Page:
I am doing my first walk and am worried about the weather April 30-May 6. I read it is raining daily, very muddy, river overflowing, can only walk on the road. Any advice?
 
Camino(s) past & future
Frances (2015); Ch. d'Arles: Oloron Ste Marie to Aragones; Frances (2016); V.d.l.P.; Sanabres (2017)
#52
I am doing my first walk and am worried about the weather April 30-May 6. I read it is raining daily, very muddy, river overflowing, can only walk on the road. Any advice?
@Dianes954
I can only suggest not to borrow trouble from the future. Whatever weather there is now is likely to change by the end of April, which is still two weeks away and cannot be predicted at this point. Rivers will go down and mud will dry. Look forward to your walk and take the present weather as a reminder to take rain gear with you, just in case. You may reasonably hope to have perfect weather in early May, but there is never any guarantee. Buen camino, whatever the weather.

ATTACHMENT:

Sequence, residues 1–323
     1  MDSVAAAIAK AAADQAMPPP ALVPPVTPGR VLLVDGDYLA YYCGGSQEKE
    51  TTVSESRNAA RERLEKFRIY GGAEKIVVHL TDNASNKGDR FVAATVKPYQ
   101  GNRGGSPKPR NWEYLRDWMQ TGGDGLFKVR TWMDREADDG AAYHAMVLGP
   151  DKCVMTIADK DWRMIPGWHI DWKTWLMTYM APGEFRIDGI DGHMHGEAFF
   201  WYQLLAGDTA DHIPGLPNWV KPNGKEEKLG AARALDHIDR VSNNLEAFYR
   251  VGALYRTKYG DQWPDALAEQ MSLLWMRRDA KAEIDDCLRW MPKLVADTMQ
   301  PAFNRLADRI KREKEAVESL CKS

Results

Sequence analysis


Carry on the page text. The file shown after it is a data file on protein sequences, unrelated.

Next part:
Thornley

Veteran Member
Camino(s) past & future
Frances [08 ]Portuguese [09 ]Le Puy[10] Norte[ 11] Madrid [12] Figeac - Pamplona [13] Mont Saint Michel - Bordeaux / St Palais - Pamplona [14] Moissac -Burgos [15] , Norte to Oviedo and then Primitivo [16]
Le Puy to Moissac and Dax to Santo Domingo
#53
I am doing my first walk and am worried about the weather April 30-May 6. I read it is raining daily, very muddy, river overflowing, can only walk on the road. Any advice?
Cross that bridge when you are there , all the worrying in the world will not change things.
You will be walking within a group , maybe 50 people , just enjoy.
Worry about the rain when you get near SDC